Thursday, January 11, 2007

A Tale of Kenya’s 21 Electoral Commissioners

Did you know that Kenya has the world’s largest number of Electoral Commissioners? Well, no country comes close. Not even our immediate neighbors, Uganda and Tanzania, which have seven commissioners each. Nigeria, which boasts Africa’s largest number of registered voters (58 million), has 12 commissioners. South African commission has six officials, whereas major western democracies like the United States and Britain have six officials each. The most shameful comparison comes with India, whose 670 million votes (60 times more than Kenya) are administered by four officials. So why does it take a multitude of commissioners to oversee electoral transparency in Kenya’s 12 million votes? Political patronage is the answer.

Our electoral commissioners have been political appointees ever since the country’s electoral law was legislated in 1963. The reintroduction of multi party politics in 1992 did not help. In fact, things got worse as political parties jostled for representation in the commission. Gradual increase of political interests has catapulted the number of commissioners from nine in 1991 to the current 21, including the Chairman and his deputy.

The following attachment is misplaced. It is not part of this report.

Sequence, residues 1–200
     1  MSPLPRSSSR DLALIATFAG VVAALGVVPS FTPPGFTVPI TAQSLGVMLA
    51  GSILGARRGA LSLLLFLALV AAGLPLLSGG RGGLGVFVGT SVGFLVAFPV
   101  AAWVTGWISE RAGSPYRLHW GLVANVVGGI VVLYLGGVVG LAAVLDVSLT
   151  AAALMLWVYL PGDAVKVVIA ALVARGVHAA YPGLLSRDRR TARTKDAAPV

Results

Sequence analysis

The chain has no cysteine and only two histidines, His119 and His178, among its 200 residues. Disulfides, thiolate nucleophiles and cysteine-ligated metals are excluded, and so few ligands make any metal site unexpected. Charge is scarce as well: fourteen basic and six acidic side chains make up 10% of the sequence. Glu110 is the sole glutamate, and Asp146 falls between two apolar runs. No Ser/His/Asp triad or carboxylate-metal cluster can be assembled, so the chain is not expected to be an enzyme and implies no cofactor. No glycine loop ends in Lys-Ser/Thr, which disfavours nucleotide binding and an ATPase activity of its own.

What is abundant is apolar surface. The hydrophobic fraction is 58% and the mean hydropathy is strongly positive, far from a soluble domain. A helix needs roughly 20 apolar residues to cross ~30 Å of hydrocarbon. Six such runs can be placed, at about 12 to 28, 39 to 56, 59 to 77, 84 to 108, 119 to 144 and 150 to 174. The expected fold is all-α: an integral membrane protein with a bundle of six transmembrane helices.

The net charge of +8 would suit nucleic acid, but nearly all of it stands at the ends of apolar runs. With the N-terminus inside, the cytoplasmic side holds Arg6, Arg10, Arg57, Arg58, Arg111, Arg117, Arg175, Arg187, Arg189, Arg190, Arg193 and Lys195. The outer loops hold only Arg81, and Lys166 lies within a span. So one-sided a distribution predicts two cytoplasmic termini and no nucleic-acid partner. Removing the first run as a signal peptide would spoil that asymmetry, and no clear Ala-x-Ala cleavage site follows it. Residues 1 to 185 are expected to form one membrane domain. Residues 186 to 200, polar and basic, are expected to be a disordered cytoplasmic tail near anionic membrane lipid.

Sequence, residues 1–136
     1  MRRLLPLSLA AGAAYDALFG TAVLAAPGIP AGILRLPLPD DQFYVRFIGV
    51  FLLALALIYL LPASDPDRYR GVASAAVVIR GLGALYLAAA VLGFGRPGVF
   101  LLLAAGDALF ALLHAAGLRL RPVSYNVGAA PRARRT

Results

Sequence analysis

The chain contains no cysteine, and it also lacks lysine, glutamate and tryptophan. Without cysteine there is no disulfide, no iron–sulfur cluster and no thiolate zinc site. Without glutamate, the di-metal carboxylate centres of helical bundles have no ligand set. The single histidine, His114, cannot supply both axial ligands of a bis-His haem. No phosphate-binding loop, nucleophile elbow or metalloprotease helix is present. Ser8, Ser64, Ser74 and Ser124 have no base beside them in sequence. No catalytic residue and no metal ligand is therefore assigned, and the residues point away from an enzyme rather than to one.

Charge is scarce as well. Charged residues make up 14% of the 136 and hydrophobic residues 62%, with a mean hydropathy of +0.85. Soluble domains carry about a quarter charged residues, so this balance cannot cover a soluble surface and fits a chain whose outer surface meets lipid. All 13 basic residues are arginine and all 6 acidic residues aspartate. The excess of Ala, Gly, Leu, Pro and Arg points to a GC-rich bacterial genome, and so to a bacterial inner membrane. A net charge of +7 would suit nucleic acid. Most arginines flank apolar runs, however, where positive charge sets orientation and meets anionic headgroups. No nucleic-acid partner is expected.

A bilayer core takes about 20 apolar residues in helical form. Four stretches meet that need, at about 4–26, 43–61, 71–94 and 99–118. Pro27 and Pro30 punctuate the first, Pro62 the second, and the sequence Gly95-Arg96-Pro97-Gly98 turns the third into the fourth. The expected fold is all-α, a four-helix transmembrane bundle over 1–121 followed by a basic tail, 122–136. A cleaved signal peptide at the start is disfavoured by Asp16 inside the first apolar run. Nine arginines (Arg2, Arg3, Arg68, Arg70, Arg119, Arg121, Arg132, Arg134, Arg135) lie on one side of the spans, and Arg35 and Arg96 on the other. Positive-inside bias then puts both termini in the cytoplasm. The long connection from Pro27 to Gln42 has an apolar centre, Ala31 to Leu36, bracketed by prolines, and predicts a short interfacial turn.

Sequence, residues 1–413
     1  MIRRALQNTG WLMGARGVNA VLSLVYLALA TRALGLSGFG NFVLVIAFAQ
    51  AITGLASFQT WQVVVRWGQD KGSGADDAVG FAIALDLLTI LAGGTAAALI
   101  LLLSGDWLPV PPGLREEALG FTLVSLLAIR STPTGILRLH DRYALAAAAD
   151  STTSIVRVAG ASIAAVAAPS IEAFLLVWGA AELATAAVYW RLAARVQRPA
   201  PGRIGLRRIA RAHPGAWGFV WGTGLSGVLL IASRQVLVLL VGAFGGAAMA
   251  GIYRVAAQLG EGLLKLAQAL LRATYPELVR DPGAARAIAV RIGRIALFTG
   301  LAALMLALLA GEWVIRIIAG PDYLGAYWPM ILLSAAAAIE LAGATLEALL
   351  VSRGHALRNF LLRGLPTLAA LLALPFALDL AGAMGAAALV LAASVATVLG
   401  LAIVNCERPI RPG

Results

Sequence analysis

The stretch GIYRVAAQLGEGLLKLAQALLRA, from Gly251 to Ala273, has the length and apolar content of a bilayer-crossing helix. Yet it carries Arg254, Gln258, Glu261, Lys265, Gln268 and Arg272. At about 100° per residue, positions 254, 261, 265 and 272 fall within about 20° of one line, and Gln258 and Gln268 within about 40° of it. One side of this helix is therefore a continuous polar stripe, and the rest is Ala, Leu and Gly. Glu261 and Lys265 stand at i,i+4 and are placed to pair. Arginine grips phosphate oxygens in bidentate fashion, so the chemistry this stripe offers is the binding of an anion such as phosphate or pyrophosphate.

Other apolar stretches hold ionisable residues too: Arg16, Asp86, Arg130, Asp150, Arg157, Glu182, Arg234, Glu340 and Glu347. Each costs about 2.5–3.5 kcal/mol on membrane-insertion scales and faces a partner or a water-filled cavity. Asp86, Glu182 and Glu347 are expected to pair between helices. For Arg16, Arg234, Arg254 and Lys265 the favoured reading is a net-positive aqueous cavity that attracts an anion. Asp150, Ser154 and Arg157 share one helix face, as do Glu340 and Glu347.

Most Kenyans would agree that their bloated electoral body has been a source of unnecessary political confrontations, which can be eliminated by reducing the number of commissioners. A smaller number, say five, would mean fewer positions for political parties to fight about. This would also foster scrutiny of candidates in parliament. Finally, only candidates who are well qualified and untainted by party politics would become electoral commissioners. And that could be the genesis of electoral transparency in the Kenya.

However, reducing the number of officials is by itself a political battle. But how else could we reform the commission? Chairman Kivuitu has suggested that we remold ECK’s composition to reflect the current political climate. Unfortunately, such proposals have been implemented three times before, but without much success. In fact, appointing commissioners to reflect the existing political climate is the main cause of ECK problems.

Consider that in 1992, membership was remolded to portray commitment to multiparty politics. In 1997, membership was altered through the IPPG to fit political demands of the day. The membership structure was also altered in 2003 to include members of the short-lived Rainbow Coalition. And for the fourth time in the fourth multi party elections, Kenyans want to repeat the same mistake knowing very well that it does not work. That must not happen. We Kenyans must not let political winds dictate structures of our civil institutions.

1 comment:

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